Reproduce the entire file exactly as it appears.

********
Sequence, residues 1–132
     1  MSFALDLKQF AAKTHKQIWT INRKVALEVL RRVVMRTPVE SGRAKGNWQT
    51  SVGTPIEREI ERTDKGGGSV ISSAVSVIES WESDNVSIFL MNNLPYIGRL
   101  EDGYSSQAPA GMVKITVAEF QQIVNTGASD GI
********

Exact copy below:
Sequence, residues 1–132
     1  MSFALDLKQF AAKTHKQIWT INRKVALEVL RRVVMRTPVE SGRAKGNWQT
    51  SVGTPIEREI ERTDKGGGSV ISSAVSVIES WESDNVSIFL MNNLPYIGRL
   101  EDGYSSQAPA GMVKITVAEF QQIVNTGASD GI